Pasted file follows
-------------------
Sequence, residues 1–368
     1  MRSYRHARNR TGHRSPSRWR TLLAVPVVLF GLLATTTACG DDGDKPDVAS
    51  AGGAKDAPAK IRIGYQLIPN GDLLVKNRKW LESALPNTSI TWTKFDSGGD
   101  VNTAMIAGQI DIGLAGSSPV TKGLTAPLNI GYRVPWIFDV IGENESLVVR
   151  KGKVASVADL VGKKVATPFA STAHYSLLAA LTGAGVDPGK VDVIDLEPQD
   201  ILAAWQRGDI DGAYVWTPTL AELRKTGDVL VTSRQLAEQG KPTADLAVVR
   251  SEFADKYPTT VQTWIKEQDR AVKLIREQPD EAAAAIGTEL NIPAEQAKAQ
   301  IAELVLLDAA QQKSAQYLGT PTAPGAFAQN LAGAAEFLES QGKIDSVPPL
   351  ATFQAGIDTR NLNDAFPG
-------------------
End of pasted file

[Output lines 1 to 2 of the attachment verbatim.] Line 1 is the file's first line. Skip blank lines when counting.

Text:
Sequence, residues 1–368
     1  MRSYRHARNR TGHRSPSRWR TLLAVPVVLF GLLATTTACG DDGDKPDVAS